##
* *Reflection: Accountability
Inner Outer Circle Energy Review - Section 1: Inner Outer Circle Energy Review Activity

Not only do I like this activity, but my students do as well. This activity works really well in physics because there are so many equations and problems that students do in each unit. I love that the inner outer circle gets students to have practice in all the different types of problems at different difficulty levels throughout the period. I also like that it forces students to be accountable by having them complete their card in a certain time limit and then to make sure at the end they have completed 14 problems on their paper.

This activity can be differentiated so that the card that the student is the expert on is at their level. I actually walk around and hand a problem card to each student based on their ability level so that I know that they will be able to accomplish and succeed on the card that they will be carrying with them throughout the activity. That means my higher level students have the more difficult problems and will be able to explain how to do those problems to some students that may still struggle with them.

*Best Review Activity!*

*Accountability: Best Review Activity!*

# Inner Outer Circle Energy Review

Lesson 10 of 14

## Objective: Students will be able to complete calculation problems including work, power, kinetic energy, potential energy, and conservation of energy using various equations.

*70 minutes*

The goal of this lesson is for student to review the computational aspect of the unit by completing practice problems for the many equations they have learned. Students will use computational thinking (SP5) to complete problems involving work, power, energy and conservation of energy (HS-PS3-1, HS-PS3-2). In the review activity students will also have an opportunity to explain their thought process as they solve problems (SP8). To review, I have students remember back to how to do the inner outer circle activity. Students remind me that each student will get a card with a problem on it with the answer on the back. Since the answers are on the back I expect my students to show all of their work on their papers.

Before I pass out the Inner and Outer Circle Energy Problem cards, I pass out a blank sheet of paper to each student. I ask them to fold it in half, the "hot dog" way. Then I ask them to unfold it and fold it twice the "hamburger" way so that when unfolded there are 8 boxes. Then I ask them to put their name in 1 box. After their papers are folded, I pass out a problem to each student. The problems are labeled as numbers and letters that help to organize students later in the activity. There are easy, medium and hard questions randomly throughout the lettered and numbered problem cards. I make sure to give each student a problem that is the appropriate level of difficulty based on how they have been doing in class.

Once each student has a problem I tell the students where they will be sitting. I have A and 1 sit at the same table across from each other, B and 2, C and 3, etc. When they are sitting across from their partner, I tell them that each pair has a similar problem where they use the same equation. Each student needs to complete their own problem, but if they need help or get the wrong answer at first they can ask their partner to help them. I give them 3 minutes to complete their problem. Afterwards, I remind them that they are now experts on their problem and will be carrying their problem with them throughout the activity.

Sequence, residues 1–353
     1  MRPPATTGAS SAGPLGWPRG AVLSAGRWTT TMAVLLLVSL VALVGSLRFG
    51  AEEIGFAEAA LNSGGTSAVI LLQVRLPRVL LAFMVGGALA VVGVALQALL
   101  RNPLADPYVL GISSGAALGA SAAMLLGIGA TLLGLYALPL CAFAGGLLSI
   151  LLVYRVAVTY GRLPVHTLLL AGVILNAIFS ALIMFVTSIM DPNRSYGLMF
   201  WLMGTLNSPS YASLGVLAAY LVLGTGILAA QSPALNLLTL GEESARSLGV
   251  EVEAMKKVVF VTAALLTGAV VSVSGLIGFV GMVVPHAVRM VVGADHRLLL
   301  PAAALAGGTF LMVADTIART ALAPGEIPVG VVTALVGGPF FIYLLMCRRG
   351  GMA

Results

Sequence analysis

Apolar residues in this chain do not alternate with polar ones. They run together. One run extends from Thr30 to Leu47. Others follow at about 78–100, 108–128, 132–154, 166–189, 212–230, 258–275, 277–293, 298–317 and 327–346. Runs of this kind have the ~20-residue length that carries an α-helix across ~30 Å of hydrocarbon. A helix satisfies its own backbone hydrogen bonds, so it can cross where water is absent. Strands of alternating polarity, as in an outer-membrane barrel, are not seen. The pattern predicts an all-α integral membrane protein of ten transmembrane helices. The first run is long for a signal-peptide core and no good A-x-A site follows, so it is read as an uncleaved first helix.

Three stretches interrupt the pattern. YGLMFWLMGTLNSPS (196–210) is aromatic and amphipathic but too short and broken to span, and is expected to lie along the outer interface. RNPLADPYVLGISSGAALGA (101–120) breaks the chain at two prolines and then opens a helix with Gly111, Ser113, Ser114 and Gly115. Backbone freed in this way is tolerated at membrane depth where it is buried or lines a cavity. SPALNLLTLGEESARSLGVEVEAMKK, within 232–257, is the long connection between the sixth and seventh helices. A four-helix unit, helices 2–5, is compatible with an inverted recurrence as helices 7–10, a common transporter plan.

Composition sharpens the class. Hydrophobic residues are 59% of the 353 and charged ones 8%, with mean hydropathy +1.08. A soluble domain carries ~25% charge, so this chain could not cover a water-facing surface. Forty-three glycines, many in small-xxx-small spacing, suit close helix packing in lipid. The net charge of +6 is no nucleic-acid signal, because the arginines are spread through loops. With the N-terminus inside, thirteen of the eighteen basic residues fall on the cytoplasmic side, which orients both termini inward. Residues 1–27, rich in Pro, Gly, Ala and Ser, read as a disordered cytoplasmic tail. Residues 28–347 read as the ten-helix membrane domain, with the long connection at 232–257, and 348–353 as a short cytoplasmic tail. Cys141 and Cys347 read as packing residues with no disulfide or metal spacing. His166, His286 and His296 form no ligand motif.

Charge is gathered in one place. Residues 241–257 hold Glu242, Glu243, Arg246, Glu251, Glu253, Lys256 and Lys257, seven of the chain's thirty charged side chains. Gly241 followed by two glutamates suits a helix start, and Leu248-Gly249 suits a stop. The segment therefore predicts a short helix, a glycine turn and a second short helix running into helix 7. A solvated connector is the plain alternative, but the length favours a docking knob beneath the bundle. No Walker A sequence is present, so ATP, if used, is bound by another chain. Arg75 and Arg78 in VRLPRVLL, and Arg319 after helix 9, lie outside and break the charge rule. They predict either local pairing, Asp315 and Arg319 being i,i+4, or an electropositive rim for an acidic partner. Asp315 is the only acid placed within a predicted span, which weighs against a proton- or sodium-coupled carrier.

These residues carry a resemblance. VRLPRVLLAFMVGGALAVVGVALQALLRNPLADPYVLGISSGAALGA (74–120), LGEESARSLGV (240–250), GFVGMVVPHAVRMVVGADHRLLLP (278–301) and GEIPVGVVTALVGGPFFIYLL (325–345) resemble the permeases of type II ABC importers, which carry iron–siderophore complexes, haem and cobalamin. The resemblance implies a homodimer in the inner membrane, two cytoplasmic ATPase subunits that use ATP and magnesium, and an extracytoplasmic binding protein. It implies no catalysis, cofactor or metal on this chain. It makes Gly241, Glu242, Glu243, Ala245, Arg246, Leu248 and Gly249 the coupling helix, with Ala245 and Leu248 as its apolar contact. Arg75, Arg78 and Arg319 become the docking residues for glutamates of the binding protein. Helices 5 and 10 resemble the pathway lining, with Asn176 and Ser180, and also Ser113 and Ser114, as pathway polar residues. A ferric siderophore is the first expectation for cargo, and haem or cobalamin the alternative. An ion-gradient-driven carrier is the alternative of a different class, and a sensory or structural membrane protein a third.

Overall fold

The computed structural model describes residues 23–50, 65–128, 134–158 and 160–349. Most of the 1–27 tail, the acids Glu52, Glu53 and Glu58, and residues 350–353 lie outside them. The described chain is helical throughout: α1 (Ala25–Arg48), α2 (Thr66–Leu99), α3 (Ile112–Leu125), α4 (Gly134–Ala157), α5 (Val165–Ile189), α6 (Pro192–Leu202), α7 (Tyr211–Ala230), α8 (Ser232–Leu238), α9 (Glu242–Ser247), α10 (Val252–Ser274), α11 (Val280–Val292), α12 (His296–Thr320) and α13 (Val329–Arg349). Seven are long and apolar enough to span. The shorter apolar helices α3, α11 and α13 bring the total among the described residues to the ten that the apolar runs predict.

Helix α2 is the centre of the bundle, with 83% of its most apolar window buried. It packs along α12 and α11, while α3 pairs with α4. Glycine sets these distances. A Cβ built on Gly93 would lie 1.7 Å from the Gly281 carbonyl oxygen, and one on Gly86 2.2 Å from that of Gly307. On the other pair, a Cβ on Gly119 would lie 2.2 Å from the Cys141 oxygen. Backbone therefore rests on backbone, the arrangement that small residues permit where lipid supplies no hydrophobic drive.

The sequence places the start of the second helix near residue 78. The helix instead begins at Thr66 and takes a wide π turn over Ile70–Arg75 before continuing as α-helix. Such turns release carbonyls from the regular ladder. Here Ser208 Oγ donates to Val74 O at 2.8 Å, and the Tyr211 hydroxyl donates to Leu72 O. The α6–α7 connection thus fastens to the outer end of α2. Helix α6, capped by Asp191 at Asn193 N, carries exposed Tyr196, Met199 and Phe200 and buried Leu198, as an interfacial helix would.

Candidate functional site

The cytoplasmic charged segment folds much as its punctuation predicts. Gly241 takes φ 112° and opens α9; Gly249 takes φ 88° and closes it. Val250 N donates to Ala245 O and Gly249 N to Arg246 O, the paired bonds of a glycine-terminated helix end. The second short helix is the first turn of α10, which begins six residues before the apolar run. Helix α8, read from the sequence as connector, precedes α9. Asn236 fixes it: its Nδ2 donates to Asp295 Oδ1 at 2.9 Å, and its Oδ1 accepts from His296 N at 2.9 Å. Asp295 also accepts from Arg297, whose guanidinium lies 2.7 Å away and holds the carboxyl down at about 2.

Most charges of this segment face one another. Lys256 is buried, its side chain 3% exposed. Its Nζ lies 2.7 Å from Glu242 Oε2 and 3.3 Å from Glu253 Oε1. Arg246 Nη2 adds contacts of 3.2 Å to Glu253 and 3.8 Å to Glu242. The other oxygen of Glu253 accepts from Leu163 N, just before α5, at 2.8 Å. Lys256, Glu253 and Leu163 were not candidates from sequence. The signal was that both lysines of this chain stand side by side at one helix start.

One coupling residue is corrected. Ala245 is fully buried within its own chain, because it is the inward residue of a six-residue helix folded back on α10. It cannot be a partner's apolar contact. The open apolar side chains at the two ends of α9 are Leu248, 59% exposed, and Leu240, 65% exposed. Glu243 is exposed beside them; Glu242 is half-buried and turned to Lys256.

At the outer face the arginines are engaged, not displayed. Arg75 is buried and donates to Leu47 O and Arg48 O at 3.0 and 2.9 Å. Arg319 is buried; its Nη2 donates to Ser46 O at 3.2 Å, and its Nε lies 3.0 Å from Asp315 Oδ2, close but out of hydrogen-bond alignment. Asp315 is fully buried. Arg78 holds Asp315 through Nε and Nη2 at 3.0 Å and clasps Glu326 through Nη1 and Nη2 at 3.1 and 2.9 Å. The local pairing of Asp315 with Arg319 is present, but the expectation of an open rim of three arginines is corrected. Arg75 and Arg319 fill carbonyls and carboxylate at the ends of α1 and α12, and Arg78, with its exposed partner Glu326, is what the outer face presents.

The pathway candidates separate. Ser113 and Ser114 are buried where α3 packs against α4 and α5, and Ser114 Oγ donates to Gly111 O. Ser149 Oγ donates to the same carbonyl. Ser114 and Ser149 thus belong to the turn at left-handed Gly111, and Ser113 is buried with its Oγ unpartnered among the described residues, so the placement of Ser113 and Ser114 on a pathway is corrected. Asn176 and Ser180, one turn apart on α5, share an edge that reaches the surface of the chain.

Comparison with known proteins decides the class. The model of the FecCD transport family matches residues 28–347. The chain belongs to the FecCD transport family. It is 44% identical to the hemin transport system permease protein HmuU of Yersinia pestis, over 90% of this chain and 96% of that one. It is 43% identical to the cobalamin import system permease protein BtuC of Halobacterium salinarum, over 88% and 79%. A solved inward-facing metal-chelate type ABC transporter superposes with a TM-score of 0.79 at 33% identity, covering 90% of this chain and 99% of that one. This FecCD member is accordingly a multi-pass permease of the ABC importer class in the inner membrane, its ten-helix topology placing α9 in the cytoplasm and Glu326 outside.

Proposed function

After the 3 minutes, I ask the lettered card holders to stay sitting and the numbers to get up and take their materials rotating to the next table in a circle. When they get to their new partner, I ask them to switch cards with their partner and do their partner's problem. If they need help, they can ask the person sitting across from them because they are an expert on that problem. I give them 3 minutes to complete the new problem. When they are done, they switch problems so they are holding their original problem and say thank you to their partner. Then the numbers take their materials and rotate to the next table. They continue to rotate every 3 minutes until the end of the period.

I use this activity because it holds students accountable for explaining their thought process to other students as well as completing the problems using various equations. I like this activity because students rely on each other and get a lot of practice with problems for an entire period. At the end of the activity, a students' paper would look like the pictures shown below. To end class, I ask students to tell me how they feel about the computational aspect of this unit and students say that this activity helped them feel more confident.

*expand content*

##### Similar Lessons

###### Who is August Wilson? Finding the Main Ideas and Supporting Details in an Obituary Using Chunking

*Favorites(6)*

*Resources(57)*

Environment: Urban

###### Transferring Skills To Individual Reading Books: Reader's Workshop

*Favorites(2)*

*Resources(13)*

Environment: Suburban

###### Telling Lies that Sound True: Building Classroom Community on the First Day

*Favorites(54)*

*Resources(18)*

Environment: Suburban

- LESSON 1: Introduction to the Roller Coaster Problem Based Learning Unit
- LESSON 2: What is Work?
- LESSON 3: What is Power?
- LESSON 4: Roller Coaster Inquiry
- LESSON 5: What is Energy?
- LESSON 6: Energy in Real-Life Situations
- LESSON 7: Qualitative Conservation of Energy
- LESSON 8: Quantitative Conservation of Energy, Part 1
- LESSON 9: Quantitative Conservation of Energy, Part 2
- LESSON 10: Inner Outer Circle Energy Review
- LESSON 11: Energy Review Day
- LESSON 12: Roller Coaster Problem Based Learning Project, Day 1
- LESSON 13: Roller Coaster Problem Based Learning Project, Day 2
- LESSON 14: Unit 6 Energy Test